The restraint of trade clause and entrepreneurs in contemporary South Africa

February 1st, 2021

The current economic climate in South Africa (SA), especially considering the consequences that COVID-19 has had on the possible economic capabilities of a multitude of South Africans, some may ponder the wealth and riches that entrepreneurial endeavours could provide them and may save them from total economic ruin. But how does one go about this safely and legally? The purpose of a restraint of trade clause, most typically, is to prevent and/or oblige employees to refrain from competing with their previous employer for the business and/or commerce of such an employer. But how does one enter the market as an entrepreneur in the industry for which one is trained and educated without unlawfully competing with your previous employer?

It is important to note that in South African law there is no codified legal principle of restraint of trade. The concept of restraint of trade is, therefore, birthed from the principle of unlawful competition and codified in a contract through a restraint of trade clause. Since restraint of trade clauses are founded on the principle of unlawful competition, one should study what constitutes unlawful competition as it plays out in the employment environment. The founding principles of all labour laws in SA, are found in the Constitution. Section 18 of the Constitution affords each South African citizen the right to freedom of association and s 22, the right to choose their trade, occupation, or profession freely. In terms of s 23, each South African citizen has the right to fair labour practices. The Competition Act 89 of 1998 (the Act) does not provide a clear definition of unlawful competition but proposes to prohibit same through its purpose. The Act further prevents horizontal and vertical practices between firms, the definition of which includes a natural person, such as an employee, if such practices have the effect of substantially preventing or lessening competition in the market. However, if a party to the agreement can prove that any technological, efficiency or other pro-competitive gain, resulting from the agreement, outweighs the effect, such horizontal and vertical practices can be allowed.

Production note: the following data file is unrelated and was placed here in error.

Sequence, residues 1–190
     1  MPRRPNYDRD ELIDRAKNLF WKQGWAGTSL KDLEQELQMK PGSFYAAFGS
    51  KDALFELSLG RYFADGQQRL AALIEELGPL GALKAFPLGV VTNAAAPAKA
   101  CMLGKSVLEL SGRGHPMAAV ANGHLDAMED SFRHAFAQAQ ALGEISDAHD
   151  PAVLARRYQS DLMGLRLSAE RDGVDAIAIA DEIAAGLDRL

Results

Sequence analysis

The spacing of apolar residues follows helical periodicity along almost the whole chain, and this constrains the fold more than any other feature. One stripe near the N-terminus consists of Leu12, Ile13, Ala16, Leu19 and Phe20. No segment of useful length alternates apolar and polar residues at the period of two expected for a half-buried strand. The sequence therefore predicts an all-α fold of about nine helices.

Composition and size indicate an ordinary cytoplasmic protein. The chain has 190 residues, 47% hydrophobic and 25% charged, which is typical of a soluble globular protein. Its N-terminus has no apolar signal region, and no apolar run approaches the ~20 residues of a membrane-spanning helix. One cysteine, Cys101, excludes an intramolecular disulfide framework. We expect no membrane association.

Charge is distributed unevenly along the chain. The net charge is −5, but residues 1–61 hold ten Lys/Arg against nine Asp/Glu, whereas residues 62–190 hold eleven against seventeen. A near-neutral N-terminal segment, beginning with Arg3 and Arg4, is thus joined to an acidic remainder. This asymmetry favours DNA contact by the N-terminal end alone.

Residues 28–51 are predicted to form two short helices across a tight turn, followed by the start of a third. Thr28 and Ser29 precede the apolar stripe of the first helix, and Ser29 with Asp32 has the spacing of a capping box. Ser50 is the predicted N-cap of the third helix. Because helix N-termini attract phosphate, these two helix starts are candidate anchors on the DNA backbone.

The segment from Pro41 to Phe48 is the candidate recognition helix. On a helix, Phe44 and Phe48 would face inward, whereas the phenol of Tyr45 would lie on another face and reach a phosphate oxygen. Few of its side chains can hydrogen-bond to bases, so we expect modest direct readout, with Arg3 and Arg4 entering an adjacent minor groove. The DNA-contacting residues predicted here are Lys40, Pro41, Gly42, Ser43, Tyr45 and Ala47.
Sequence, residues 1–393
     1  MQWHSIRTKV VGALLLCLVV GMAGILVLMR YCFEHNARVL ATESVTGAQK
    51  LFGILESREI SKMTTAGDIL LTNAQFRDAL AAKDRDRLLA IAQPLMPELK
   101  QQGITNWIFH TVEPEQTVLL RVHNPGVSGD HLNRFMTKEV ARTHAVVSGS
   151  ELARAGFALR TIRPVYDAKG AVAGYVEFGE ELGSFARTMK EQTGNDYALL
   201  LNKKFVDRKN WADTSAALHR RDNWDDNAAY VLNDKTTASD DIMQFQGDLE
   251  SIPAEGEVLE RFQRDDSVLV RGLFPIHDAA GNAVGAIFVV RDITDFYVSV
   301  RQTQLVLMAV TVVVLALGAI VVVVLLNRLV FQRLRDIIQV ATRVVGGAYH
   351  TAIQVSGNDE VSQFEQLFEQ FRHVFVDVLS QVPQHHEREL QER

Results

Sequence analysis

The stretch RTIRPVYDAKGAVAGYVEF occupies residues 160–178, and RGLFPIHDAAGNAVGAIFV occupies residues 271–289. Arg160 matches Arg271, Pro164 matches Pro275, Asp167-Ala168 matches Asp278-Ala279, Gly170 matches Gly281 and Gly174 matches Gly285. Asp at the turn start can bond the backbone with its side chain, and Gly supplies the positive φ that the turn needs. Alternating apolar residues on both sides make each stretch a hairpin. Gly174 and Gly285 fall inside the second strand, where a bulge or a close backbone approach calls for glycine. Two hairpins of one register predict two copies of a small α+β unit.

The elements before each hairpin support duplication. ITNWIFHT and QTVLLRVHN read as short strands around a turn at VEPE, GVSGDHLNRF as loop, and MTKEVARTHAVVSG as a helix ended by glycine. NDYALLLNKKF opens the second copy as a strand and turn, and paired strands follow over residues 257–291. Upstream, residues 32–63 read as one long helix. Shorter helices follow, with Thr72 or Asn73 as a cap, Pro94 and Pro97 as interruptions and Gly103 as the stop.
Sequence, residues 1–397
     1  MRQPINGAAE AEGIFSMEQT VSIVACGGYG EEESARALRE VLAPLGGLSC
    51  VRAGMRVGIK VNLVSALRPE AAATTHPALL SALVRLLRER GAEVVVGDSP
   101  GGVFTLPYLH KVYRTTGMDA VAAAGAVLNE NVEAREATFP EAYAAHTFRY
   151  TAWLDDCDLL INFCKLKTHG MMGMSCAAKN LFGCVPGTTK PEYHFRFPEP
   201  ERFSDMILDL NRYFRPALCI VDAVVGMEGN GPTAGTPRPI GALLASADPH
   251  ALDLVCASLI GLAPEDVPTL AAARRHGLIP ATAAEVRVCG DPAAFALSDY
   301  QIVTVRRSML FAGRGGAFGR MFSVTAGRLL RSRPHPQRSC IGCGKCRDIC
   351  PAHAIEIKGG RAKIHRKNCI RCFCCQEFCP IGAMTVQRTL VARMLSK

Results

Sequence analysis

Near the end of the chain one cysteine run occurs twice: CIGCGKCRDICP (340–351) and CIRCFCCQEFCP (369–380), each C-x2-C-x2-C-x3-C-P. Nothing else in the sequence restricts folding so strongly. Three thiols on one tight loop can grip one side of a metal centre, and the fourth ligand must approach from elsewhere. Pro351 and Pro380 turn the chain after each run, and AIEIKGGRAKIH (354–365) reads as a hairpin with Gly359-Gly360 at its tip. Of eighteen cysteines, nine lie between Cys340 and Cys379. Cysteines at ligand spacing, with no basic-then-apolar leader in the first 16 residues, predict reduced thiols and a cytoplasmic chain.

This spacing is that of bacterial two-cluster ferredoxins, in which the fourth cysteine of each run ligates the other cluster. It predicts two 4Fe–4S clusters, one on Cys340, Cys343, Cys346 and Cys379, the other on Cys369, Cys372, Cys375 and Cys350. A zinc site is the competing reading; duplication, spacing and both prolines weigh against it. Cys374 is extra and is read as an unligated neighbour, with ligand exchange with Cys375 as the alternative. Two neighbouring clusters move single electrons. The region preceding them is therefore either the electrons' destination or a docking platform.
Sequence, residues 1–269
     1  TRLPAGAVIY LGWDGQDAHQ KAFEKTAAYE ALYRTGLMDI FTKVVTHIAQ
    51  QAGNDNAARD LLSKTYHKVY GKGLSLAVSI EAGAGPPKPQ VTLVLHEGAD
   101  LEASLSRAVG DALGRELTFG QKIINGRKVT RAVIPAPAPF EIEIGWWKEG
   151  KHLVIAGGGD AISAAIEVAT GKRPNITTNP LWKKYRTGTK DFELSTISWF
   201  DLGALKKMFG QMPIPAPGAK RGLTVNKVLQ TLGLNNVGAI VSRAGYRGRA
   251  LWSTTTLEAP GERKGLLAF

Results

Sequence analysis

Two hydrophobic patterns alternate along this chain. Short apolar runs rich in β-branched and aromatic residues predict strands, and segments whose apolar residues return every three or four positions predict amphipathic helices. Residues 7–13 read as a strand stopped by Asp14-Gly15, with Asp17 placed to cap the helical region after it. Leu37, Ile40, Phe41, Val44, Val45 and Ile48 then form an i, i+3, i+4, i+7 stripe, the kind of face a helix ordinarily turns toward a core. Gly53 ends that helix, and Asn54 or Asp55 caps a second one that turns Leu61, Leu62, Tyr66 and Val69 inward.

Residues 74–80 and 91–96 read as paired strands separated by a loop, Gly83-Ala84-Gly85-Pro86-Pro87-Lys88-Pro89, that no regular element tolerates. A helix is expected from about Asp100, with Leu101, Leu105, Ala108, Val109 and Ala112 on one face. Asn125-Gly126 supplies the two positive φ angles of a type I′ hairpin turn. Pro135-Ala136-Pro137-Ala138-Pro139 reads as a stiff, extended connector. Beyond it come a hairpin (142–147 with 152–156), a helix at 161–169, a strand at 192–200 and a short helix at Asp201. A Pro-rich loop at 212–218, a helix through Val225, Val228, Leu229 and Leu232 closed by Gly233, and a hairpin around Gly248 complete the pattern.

The Labour Court, in ABSA Insurance and Financial Advisors (Pty) Ltd v Jonker and Another, ABSA Insurance and Financial Advisors (Pty) Ltd v Jonker and Another (LC) (unreported case no C741/17 and C742/17, 17-11-2017) (Steenkamp J) confirmed that South African law recognises two forms of unlawful competition, being –

  • unfair use of a competitor’s fruits and labour; and
  • the misuse of confidential information in order to advance one’s business interests and activities at the expense of a competitor.

In Waste Products Utilisation (Pty) Ltd v Wilkes and Another 2003 (2) SA 515 (W) at 571 F – G the elements, which a claimant needs to satisfy to prove the existence of unlawful competition were summarised as follows –